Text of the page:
Plantar Fasciitis in Runners: Treatment and Prevention
Plantar fasciitis is a common overuse injury found in runners. The plantar fascia, which is responsible for maintaining the integrity of the longitudinal arch, becomes irritated, inflamed or torn by repetitive stresses placed upon it. Commonly cited predisposers of plantar fasciitis are excessive pronation, a flat or cavus foot, tight Achilles tendon, type of training shoes worn, and errors in the training routine. Once the plantar fascia becomes irritated a myriad of conservative measures may be used, including everything from rest, ice and elevation to steroid injections and, if all else fails, surgery. In most cases conservative treatment of one kind or another will alleviate the symptoms of plantar fasciitis. However, it is essential to determine and correct the cause of the problem in order for the runner to resume normal activity levels. Controlling anatomical/ biomechanical inefficiencies of the feet, stretching and strengthening exercises for the lower extremity, proper training shoes, and reasonable training routines will alleviate the symptoms of plantar fasciitis in a large percentage of sufferers. To prevent the injury, runners should be aware of the potential overuse injury and take precautionary measures, e.g. seek a biomechanical/anatomical evaluation from a qualified practitioner. The practitioner can then offer suggestions as to the specific steps the runner should follow to prevent the injury condition.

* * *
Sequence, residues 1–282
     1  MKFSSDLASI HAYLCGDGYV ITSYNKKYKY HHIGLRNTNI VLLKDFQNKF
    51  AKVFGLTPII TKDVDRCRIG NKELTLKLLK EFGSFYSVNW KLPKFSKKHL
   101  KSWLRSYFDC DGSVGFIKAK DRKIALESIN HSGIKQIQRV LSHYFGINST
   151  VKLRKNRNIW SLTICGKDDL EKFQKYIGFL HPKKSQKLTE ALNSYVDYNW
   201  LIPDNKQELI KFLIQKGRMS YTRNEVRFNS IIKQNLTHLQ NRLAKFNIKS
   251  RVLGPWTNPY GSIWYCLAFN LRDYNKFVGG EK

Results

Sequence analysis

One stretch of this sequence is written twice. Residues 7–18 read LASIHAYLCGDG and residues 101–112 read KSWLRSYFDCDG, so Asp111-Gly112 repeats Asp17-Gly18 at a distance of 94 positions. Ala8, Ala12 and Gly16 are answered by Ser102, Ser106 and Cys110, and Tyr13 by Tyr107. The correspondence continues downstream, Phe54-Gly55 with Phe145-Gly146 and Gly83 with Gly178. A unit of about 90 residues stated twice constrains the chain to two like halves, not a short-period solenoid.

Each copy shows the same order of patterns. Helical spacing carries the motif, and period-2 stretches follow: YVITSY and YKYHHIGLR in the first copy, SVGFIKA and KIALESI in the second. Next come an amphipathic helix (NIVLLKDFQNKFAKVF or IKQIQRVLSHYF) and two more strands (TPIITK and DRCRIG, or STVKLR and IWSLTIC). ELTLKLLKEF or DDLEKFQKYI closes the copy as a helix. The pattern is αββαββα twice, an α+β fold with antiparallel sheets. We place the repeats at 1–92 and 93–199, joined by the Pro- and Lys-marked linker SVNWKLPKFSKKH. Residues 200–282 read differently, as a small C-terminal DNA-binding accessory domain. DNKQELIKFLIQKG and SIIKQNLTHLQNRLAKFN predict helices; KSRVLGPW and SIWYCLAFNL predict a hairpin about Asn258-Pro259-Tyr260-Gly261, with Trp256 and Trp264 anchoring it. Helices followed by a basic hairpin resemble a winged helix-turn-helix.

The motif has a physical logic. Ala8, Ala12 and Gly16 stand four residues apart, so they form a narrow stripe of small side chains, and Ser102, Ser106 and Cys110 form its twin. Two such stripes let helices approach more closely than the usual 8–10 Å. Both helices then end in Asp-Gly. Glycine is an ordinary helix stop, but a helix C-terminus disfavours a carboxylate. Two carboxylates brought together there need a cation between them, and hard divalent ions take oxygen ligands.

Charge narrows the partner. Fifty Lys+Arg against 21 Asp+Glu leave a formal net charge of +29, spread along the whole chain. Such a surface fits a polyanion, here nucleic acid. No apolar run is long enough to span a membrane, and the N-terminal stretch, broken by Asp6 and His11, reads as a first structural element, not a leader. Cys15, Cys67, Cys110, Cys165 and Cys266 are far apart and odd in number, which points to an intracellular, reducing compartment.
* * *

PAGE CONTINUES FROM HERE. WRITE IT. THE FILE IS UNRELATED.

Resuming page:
Warren, BL. "Plantar Fasciitis in Runners. Treatment and Prevention." Sports Medicine (auckland, N.z.). 10.5 (1990): 338-45. Print.